Being on the receiving end of jokes about my flaws, especially when they pertain to something I can't change, makes me feel more insecure. It's disheartening, and it becomes even more frustrating when these jests come from mere acquaintances. I can tolerate jokes about my habits or the way I dress, but when it comes to my physical flaws, it stings more deeply. As a result, I am always mindful not to make similar jokes about others, especially if I know it could potentially hurt them.

Respecting others' feelings and being sensitive to their vulnerabilities is essential to maintaining positive and healthy relationships. By refraining from joking about topics that may cause emotional harm, we create an environment of empathy and understanding. It's important to treat others with the same kindness and compassion that we hope to receive ourselves. Ultimately, fostering a culture of mutual respect and support leads to stronger connections and a more harmonious social dynamic.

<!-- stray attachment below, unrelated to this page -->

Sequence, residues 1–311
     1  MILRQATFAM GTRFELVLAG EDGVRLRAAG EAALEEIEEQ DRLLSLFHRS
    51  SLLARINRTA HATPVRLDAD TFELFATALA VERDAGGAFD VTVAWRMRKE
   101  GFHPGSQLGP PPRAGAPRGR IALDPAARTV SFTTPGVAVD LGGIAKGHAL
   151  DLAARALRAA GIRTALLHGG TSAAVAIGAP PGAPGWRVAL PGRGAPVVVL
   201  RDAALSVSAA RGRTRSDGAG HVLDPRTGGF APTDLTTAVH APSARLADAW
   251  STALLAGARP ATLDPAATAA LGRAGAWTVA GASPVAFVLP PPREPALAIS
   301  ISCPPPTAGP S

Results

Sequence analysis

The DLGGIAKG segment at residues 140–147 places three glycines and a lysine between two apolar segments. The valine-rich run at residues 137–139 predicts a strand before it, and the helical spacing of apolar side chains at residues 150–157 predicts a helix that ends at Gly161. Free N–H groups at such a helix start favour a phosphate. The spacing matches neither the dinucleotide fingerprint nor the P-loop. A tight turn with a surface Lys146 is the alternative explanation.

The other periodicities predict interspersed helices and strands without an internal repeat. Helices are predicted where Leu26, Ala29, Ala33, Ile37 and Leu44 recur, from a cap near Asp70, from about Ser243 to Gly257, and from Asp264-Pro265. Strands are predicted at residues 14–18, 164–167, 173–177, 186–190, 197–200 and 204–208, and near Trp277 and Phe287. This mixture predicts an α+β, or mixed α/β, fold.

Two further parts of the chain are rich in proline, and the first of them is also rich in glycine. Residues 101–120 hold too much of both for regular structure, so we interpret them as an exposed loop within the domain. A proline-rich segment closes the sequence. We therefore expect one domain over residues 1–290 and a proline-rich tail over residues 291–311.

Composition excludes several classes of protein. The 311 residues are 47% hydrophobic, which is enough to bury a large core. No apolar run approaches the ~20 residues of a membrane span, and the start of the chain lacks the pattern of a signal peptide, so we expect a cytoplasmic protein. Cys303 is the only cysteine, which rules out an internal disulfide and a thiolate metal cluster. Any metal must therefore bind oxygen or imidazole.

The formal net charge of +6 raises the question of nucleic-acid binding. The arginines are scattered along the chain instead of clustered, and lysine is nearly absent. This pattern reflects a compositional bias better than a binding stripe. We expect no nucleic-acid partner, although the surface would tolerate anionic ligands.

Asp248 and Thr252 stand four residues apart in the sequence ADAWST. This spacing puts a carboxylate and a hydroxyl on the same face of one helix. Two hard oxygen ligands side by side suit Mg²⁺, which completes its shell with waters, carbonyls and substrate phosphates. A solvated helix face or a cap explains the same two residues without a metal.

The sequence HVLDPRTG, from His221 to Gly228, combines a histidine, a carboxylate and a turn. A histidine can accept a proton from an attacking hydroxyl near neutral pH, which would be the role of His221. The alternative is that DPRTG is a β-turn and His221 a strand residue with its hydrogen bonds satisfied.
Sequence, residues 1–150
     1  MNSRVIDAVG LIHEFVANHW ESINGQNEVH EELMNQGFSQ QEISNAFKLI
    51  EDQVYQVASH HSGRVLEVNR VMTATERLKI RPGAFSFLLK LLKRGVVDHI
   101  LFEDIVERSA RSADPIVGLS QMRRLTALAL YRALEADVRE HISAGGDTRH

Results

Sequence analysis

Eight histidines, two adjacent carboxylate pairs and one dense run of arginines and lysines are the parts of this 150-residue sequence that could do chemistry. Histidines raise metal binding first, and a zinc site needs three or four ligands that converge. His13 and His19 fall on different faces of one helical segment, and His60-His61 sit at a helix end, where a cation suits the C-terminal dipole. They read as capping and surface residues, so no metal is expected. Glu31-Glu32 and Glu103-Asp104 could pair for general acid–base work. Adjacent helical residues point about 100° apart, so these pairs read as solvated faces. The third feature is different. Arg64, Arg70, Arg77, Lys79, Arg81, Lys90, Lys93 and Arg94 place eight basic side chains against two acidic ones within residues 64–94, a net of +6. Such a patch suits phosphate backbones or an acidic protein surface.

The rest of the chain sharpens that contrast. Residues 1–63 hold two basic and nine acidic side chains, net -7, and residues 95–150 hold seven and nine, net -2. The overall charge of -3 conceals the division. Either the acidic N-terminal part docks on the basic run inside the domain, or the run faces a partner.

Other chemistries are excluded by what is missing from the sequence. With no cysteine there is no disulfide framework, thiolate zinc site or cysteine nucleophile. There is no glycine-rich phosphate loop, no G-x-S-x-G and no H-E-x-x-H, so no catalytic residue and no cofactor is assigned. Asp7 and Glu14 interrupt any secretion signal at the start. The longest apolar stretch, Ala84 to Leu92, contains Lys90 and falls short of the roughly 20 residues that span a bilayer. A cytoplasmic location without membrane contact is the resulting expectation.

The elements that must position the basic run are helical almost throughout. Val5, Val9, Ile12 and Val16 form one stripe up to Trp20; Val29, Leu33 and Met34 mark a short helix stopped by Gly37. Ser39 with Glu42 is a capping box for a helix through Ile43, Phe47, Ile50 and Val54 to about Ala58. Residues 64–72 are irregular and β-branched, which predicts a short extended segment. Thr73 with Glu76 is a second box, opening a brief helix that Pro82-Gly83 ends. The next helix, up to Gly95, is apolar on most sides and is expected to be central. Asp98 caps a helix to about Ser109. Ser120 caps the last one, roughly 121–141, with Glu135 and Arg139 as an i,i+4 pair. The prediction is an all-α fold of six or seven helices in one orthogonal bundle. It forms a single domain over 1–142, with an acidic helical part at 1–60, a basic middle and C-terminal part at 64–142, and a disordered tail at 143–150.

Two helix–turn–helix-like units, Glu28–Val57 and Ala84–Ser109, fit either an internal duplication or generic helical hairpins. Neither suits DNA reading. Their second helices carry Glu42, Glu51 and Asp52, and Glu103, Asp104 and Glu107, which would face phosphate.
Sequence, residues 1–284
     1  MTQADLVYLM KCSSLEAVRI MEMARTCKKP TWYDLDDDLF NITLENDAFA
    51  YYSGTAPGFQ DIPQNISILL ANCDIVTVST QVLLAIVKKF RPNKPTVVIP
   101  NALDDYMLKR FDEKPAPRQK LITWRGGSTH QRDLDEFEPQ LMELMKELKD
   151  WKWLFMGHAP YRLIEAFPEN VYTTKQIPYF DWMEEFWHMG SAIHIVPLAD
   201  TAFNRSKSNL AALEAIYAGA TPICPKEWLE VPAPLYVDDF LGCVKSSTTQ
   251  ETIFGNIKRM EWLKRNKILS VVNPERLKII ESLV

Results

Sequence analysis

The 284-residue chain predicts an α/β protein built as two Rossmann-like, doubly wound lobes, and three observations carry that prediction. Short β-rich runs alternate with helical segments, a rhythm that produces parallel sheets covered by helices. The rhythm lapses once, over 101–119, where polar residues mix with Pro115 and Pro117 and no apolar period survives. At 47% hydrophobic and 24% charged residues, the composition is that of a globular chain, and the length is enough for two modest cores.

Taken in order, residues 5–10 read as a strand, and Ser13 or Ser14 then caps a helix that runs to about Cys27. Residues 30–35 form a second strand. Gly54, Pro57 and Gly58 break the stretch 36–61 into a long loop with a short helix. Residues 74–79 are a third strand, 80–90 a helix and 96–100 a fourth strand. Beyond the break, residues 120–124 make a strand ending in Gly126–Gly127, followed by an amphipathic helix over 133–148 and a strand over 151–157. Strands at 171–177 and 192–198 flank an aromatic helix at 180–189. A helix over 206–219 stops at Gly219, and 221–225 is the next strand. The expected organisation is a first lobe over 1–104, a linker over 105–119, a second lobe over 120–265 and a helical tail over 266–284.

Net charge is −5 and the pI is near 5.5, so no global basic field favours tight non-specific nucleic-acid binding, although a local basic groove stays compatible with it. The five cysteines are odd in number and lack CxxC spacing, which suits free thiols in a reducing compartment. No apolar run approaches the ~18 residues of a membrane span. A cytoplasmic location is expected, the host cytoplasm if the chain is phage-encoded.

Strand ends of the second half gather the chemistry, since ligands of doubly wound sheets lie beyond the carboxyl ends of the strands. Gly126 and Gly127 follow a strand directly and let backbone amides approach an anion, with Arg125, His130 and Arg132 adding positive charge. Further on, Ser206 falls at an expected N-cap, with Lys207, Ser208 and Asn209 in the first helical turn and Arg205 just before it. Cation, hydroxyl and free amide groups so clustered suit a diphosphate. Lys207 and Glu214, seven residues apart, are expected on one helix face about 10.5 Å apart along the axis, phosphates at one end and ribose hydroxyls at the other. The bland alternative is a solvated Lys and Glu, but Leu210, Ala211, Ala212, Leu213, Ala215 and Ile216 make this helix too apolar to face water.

Having three kids, my youngest is 11 months old, it's like forever changing diapers, making milk, feeding babies. Wish I could have more time-off for myself, I don't have time to enjoy night-outs anymore. It's always with the kids, to the mall with the kids, to the movies with the kids. It's not that I really don't want to spend time with them, but you know, I need at least some time-off, even for just once in a year.


Cheating in a relationship extends beyond just physical actions; it encompasses emotional betrayal as well.

According to Wikipedia: